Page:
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What are new drugs to prevent migraine worth?  The question is driving a forthcoming report from cost-effectiveness giant the Institute for Clinical and Economic Review (ICER) – and already eliciting an outpouring of feedback from the migraine patient community.

The new drugs are known as CGRP inhibitors because they target the calcitonin gene-related peptide, which is involved in the experience of migraine pain. The Food and Drug Administration has received three applications for CGRP inhibitors and expects to make approval decisions by mid-to-late 2018.

But timing hasn’t deterred ICER from moving forward with a cost-effectiveness analysis of the therapies.  The organization offered an open input period in November, inviting patient advocates to share their experiences with migraine – and their hopes for the forthcoming analysis.

The Headache and Migraine Policy Forum submitted a letter describing migraine’s “substantial systemic impact” on patients.  “Even if not fatal, migraine robs many patients of a meaningful quality of life,” the letter notes.  “For migraine patients, therefore, the immense value of a life-changing medication can be difficult to quantify.” The letter was signed by 24 patient organizations, including the Coalition for Headache and Migraine Patients, the American Migraine Foundation, and the Alliance for Headache Disorders Advocacy.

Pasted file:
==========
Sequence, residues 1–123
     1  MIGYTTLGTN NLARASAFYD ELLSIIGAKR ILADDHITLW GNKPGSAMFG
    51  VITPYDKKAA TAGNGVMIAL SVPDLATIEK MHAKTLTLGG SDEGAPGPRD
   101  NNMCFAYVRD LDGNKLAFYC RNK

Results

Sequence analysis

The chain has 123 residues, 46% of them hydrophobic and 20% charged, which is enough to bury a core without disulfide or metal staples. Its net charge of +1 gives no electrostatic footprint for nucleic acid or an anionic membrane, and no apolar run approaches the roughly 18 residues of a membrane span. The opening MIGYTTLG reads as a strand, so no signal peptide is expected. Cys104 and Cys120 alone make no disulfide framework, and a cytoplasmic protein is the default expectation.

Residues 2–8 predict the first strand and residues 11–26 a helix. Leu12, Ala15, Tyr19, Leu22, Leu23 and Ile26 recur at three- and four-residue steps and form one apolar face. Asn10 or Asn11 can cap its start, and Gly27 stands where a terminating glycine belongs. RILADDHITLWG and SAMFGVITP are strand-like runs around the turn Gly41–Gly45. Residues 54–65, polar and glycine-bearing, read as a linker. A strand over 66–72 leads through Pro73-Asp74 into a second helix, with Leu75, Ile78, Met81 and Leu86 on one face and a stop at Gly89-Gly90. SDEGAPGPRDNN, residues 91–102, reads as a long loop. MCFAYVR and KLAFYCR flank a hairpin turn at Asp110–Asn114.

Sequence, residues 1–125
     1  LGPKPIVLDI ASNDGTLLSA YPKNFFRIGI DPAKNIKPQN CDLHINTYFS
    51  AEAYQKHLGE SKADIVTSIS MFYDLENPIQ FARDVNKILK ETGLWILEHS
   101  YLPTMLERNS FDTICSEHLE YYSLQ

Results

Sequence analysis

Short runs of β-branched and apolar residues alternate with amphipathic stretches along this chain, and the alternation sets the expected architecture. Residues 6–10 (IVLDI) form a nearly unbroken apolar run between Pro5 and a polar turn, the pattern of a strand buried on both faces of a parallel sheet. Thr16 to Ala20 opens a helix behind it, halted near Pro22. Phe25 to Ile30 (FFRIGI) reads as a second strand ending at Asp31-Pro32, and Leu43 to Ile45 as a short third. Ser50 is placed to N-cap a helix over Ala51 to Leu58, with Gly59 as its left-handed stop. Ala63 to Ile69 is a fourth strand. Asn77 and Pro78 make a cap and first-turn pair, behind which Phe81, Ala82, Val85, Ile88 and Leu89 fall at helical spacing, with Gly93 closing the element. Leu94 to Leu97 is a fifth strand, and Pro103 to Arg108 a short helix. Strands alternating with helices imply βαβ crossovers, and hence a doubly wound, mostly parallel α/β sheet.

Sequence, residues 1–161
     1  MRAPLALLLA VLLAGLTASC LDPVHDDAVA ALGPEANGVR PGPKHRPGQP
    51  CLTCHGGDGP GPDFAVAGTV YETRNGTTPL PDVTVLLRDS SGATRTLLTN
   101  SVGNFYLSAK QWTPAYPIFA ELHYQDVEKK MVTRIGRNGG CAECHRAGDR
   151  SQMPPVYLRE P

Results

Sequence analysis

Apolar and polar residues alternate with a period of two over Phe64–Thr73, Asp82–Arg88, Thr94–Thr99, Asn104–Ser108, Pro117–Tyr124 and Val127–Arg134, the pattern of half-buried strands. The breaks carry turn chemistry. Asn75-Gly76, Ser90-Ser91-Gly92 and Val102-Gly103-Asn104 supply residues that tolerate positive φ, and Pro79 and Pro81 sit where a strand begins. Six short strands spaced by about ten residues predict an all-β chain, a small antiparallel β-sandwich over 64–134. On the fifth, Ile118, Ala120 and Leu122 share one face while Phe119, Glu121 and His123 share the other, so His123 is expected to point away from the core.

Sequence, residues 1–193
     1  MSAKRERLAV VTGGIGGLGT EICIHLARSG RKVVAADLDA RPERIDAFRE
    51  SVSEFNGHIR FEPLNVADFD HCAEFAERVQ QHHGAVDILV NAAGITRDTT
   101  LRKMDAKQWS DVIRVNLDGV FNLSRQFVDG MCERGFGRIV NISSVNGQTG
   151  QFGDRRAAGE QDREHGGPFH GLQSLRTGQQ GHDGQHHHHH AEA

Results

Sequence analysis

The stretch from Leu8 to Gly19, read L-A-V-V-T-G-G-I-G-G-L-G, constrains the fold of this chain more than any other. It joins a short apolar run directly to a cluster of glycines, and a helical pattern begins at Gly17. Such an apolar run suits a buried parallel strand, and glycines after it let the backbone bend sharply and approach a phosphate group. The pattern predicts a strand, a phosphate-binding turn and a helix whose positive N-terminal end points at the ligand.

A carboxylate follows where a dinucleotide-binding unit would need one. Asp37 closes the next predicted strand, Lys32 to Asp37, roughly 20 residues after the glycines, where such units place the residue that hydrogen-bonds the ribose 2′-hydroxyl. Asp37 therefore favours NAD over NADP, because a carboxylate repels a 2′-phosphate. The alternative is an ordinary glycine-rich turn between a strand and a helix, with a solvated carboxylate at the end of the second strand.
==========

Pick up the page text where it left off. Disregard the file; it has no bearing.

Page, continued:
The Institute for Patient Access also weighed in.  “As IfPA has noted to ICER previously,” the letter notes,” treatments for some disease states simply do not lend themselves to economic number crunching.”  The letter conveys the need for ICER to factor in comorbidities commonly faced by migraine patients, as well as migraine’s impact on productivity.  “Accounting for any potential improvement in patients’ quality of life is imperative,” the letter explains.

Just four days after the open input period closed, ICER issued the plan for its analysis – known as its scoping document.  The document acknowledges several themes of patients’ letters, such as:

It is unclear, however, whether ICER plans to incorporate these into its analytical approach in a meaningful way.  Moreover, as IfPA noted in a follow-up letter about the scoping document, ICER’s plan excludes several key components.  One missing element is the impact of effective migraine treatments on America’s opioid abuse epidemic and related costs.  At present, lack of targeted treatments leaves nine percent of migraine patients taking prescription opioids for migraine pain.  Migraine-specific therapies could potentially decrease the need for opioids in this patient population.

The Institute for Patient Access also reiterated concerns about the timing of ICER’s analysis, noting, “When conducting the analysis, it is likely that ICER will have access only to the clinical trial data, and (at best) initial post-marketing data.”  IfPA’s letter explains that robust post-marketing data often provides details about drugs’ side effects and impact that would be critical to accurately assessing value.

ICER will issue a revised scoping document in January, followed by a draft evidence report on CGRP inhibitors in April 2018.

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